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Re: [Maxima-discuss] a fun demo for variable precision arithmetic

From: Przemek Klosowski
Subject: Re: [Maxima-discuss] a fun demo for variable precision arithmetic
Date: Fri, 4 Dec 2015 12:27:38 -0500
User-agent: Mozilla/5.0 (X11; Linux x86_64; rv:38.0) Gecko/20100101 Thunderbird/38.3.0

On 12/03/2015 12:12 AM, Richard Fateman wrote:
   From S. Rump's investigations..

   a  "polynomial" that evaluates the same in IEEE single or double 
precision, about 1.1726   but is wrong in both

This is a great example! comes in handy when discussing precision and accuracy in FP calculations. I have often seen people who do numerical simulations believing that double-precision solves the accuracy problems. I have written the following to some of my friends; please forgive the parts that are obvious to people on this list who do this stuff for living:

Over the years I discussed with all of you the pitfalls of precision and accuracy in floating point calculations. I just ran into a wonderful illustration how tricky this business is, so I am sharing it with you.

As you know, each of several available FP formats is precise to a certain number of significant digits: six for 32-bit single precision, fifteen for 64-bit double precision, etc. What this means is that, of course, a result obtained in single precision FP arithmetic cannot be more accurate that the format's precision, i.e. 0.001%---but often the errors accumulate and the overall accuracy is further lost due to rounding, faulty normalization and other effects. If we didn't have this accuracy loss, we could do our calculations with an actually existing half-precision FP numbers that have 3 significant digits of precision, and are very space-efficient (16 bits) and fast. Unfortunately, even though most of our measurements would be accurately represented within this 0.1% precision, the loss of accuracy in most calculations makes this format impractical.

Normally, we deal with the accuracy loss by accepting the price of calculating in higher precision: it's virtually impossible to get inaccurate result when we start from the double precision's 0.00000000000001%, right? Unfortunately, it turns out that it IS possible, even if rarely---and we can correct for that by doing something similar to Richardson's extrapolation ( ): obtain the result in single precision, and then in double precision. If the result is the same, we might be assured that we're not losing accuracy. If they are NOT the same, we could conclude that the double precision is the right one, or, if we're in an exacting mood, we could actually estimate the result for infinite precision.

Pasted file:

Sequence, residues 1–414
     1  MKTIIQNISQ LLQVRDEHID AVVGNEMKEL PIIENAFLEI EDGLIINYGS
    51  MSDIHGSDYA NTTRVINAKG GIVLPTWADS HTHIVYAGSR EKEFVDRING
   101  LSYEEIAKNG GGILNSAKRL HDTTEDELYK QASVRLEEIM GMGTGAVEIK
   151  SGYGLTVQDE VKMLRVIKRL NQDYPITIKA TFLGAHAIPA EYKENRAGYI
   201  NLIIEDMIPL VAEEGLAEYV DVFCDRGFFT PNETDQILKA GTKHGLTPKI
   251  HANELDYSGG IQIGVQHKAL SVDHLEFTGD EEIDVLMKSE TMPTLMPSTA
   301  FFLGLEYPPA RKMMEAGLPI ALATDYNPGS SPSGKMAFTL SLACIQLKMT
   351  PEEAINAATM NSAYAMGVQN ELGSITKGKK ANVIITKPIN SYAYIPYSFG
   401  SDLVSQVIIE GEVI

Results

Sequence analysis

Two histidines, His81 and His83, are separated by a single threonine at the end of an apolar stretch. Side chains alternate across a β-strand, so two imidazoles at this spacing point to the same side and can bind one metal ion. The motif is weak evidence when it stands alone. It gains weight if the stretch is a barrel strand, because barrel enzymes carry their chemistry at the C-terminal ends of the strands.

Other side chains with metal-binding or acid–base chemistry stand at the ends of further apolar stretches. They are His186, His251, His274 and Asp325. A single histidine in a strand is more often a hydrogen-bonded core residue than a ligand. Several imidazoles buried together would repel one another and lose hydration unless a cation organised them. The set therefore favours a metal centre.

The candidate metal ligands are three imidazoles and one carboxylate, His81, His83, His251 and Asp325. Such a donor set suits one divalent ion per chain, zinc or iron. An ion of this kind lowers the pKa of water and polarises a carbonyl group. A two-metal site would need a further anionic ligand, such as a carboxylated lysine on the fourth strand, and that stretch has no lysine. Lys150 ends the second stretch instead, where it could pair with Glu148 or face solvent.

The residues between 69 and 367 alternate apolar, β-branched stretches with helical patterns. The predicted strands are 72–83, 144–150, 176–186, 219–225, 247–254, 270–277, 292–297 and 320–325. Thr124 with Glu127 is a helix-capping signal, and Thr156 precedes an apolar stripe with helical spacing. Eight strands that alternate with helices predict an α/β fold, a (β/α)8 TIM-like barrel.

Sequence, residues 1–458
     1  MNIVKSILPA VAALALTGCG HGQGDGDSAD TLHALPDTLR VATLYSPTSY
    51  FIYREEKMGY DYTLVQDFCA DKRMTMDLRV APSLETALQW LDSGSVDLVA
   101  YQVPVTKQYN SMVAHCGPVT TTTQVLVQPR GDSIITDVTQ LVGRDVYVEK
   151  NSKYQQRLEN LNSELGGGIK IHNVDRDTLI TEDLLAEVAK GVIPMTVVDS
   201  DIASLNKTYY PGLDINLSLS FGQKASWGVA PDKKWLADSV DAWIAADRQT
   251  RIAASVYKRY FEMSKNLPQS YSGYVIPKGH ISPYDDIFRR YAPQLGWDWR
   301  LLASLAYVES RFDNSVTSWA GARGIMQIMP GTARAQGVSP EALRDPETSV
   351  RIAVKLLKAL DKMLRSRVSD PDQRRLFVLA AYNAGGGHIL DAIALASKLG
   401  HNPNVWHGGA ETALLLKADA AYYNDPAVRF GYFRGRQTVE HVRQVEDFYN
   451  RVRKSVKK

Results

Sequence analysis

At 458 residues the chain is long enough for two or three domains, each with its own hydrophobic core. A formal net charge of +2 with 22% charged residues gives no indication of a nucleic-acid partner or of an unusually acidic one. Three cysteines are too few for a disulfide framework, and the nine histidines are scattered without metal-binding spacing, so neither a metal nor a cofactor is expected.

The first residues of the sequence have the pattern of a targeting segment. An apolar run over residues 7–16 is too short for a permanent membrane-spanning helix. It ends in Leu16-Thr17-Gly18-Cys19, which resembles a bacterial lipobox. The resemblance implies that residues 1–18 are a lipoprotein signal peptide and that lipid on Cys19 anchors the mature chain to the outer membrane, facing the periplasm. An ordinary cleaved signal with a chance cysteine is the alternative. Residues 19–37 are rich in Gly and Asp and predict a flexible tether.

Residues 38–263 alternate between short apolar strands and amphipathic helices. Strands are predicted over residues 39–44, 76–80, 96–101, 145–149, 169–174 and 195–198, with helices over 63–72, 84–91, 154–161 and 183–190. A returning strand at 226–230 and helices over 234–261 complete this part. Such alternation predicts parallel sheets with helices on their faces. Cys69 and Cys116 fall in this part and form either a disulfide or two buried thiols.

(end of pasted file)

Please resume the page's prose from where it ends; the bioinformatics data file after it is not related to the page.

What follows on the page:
Unfortunately, math is a harsh mistress and this doesn't always work. Here's an example of a simple polynomial (you don't need any muti-hour iterative calculations) where the accuracy loss is so severe that we're getting a wrong result for both single and double precision.

Doubly unfortunately, the wrong result is THE SAME for both, so it turns out that you can't even rely onĀ  comparing multiple precisions.

  here's where to evaluate it, and here's the right answer...

  float(rp(77617, 33096)); evaluates to -0.82739605994682

But changing the floating point precision gives different answers...

  for fpprec:10 step 5 thru 50 do print (rp(77617.0b0, 33096.0b0));

google will find you more info about Rump's polynomial..

using interval arithmetic with double-floats tells you that the correct 
answer is
  in  [- 2.7363628282260744E+22, 2.458240415520526E+22]

which is why it might make sense to use more precision.

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